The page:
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A form of hip replacement surgery meant to require a smaller incision and less scarring could actually increase the risk of surgical complications, according to the findings of a new study.
Canadian researchers report that patients who underwent anterior total hip arthroplasty faced double the risk of major surgical complications when compared to other approaches to the procedure. Their findings were published on March 17 in the Journal of the American Medical Association (JAMA).
Anterior total hip arthroplasty is a non-traditional approach to hip replacement surgery, which allows the surgeon to conduct the replacement via a small incision in the front of the hip. More traditional methods involve lateral or posterior approaches.
The anterior approach is promoted as causing less pain, muscle trauma, and resulting in quicker recovery with a shorter hospital stay.
Researchers with the University of Toronto conducted a population-based retrospective cohort study of all adults in Ontario, Canada who had undergone hip replacement from April 1, 2015 through March 31, 2018, involving more than 30,000 patients.
According to the findings, 10% of patients underwent the anterior approach, while 70% underwent a lateral procedure and 20% underwent a posterior approach. After a year of follow up, the researchers found that 2% of the anterior approach patients suffered major surgical complications, compared to only 1% of those who had undergone lateral or posterior procedures.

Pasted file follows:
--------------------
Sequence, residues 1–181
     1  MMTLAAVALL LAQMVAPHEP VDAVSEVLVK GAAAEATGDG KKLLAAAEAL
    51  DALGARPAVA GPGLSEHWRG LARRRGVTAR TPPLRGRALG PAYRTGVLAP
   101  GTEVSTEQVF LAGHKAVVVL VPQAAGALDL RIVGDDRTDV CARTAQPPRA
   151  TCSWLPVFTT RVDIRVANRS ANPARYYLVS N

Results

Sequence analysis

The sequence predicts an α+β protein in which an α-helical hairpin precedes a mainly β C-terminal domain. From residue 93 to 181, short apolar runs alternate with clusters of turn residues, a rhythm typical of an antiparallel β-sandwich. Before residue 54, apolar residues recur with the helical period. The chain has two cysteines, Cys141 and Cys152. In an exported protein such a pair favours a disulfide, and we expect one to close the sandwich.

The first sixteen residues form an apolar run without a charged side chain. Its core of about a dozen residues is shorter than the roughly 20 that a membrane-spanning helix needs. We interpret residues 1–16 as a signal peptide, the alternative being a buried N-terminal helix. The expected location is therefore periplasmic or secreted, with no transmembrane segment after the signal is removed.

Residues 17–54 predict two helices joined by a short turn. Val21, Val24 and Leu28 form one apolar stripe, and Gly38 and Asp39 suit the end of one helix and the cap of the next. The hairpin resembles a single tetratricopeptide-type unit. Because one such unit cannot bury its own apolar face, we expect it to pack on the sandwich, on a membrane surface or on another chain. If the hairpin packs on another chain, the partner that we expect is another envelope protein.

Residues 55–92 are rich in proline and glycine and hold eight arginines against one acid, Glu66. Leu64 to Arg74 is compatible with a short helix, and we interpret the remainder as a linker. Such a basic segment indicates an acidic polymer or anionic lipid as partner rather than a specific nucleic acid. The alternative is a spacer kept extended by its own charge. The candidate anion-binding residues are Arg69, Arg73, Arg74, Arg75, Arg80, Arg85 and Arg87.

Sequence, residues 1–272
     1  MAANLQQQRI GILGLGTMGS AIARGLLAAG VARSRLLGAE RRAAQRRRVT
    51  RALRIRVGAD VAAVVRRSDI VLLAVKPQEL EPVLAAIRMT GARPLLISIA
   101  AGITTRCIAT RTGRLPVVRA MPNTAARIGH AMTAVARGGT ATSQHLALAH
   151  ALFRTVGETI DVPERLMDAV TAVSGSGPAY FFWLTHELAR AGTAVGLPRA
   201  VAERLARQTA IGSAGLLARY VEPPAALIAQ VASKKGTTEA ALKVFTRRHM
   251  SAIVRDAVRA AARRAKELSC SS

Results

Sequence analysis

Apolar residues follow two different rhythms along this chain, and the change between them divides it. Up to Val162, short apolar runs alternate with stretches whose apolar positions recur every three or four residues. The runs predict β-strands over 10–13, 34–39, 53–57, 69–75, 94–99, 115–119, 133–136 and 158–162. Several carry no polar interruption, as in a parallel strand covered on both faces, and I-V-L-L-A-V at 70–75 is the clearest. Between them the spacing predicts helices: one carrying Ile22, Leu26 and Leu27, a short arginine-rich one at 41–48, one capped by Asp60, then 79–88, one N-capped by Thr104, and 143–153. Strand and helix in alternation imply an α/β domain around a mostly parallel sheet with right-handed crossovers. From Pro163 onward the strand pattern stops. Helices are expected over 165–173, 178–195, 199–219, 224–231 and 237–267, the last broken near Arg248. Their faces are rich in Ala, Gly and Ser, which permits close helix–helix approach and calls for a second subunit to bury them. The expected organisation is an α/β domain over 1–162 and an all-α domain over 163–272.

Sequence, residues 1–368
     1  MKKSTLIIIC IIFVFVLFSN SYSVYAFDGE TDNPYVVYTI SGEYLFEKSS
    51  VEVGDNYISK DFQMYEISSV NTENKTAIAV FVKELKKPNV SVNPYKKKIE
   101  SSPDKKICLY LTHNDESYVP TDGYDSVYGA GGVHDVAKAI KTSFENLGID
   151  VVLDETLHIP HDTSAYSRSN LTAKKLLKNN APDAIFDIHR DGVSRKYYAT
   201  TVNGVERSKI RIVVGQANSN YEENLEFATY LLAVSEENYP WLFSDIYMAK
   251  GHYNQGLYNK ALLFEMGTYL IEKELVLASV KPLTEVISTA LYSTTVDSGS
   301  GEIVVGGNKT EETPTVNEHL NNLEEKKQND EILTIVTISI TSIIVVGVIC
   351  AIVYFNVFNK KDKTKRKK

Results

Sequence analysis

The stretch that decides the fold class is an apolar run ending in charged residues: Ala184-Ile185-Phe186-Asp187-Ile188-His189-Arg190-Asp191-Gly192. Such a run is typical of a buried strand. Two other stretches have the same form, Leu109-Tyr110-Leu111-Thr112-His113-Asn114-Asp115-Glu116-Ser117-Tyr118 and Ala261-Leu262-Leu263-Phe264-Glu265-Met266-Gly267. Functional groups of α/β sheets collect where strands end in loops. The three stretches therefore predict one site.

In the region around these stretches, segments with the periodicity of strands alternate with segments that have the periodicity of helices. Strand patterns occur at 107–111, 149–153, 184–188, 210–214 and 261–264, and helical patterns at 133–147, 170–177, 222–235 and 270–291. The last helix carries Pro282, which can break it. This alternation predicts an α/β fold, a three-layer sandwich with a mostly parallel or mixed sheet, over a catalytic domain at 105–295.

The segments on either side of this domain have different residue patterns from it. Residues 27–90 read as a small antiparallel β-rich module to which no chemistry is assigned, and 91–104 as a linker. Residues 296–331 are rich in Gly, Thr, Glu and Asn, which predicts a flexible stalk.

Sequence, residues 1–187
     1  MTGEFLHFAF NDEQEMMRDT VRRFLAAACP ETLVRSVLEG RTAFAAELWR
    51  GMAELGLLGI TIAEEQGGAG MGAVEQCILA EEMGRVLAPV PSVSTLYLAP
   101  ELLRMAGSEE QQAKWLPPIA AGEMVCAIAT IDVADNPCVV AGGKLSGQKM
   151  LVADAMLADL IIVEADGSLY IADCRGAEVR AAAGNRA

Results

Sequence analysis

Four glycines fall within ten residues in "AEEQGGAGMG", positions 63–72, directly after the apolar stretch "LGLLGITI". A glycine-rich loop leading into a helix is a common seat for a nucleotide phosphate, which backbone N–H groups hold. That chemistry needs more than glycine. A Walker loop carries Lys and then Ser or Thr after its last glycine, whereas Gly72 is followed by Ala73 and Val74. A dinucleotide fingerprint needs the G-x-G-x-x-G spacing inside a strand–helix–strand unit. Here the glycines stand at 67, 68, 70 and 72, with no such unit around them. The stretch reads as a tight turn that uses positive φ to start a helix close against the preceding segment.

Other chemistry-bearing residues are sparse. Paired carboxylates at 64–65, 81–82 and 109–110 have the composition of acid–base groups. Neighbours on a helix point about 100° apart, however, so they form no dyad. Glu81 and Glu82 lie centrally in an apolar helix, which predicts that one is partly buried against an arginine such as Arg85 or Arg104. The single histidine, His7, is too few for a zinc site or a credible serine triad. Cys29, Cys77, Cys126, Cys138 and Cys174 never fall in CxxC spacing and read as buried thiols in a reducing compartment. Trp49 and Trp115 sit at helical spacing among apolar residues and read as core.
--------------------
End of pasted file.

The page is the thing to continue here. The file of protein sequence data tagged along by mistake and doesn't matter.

“Among patients undergoing total hip arthroplasty, an anterior surgical approach compared with a posterior or lateral surgical approach was associated with a small but statistically significant increased risk of major surgical complications,” the researchers concluded. “The findings may help inform decisions about surgical approach for hip arthroplasty, although further researcher is needed to understand pain and functional outcomes.”
Hip Implant Problems
Hip replacement systems have been under close scrutiny in recent years, following a number of high profile recalls and problems.
Probably the most problematic have been metal-on-metal hip replacements sold by a number of different manufacturers, which featured a metal femoral head that rotates within a metal acetabular cup.
Unlike other artificial hip designs, which typically feature metal-on-ceramic or metal-on-plastic, the metal-on-metal hips have been found to release microscopic metallic debris as the parts rub against each other. This can lead to increased levels of metal ions in the blood, known as metallosis. This has been linked to reports of loosening and failure, often within a few years after the artificial hip is implanted.
Most of the devices were introduced in the U.S. through the controversial fast-track 510(k) approval process, which only required that the device be a “substantial equivalent” to an already existing device approved by the FDA. However, the snowball effect of the substantial equivalence test has allowed many devices now considered unreasonably dangerous and defective to be implanted in thousands of Americans.
Several manufacturers faced metal-on-metal hip lawsuits in recent years, claiming that the design was unreasonably dangerous and prone to early failure. Similar allegations led to DePuy ASR hip lawsuits, DePuy Pinnacle hip lawsuits and other cases.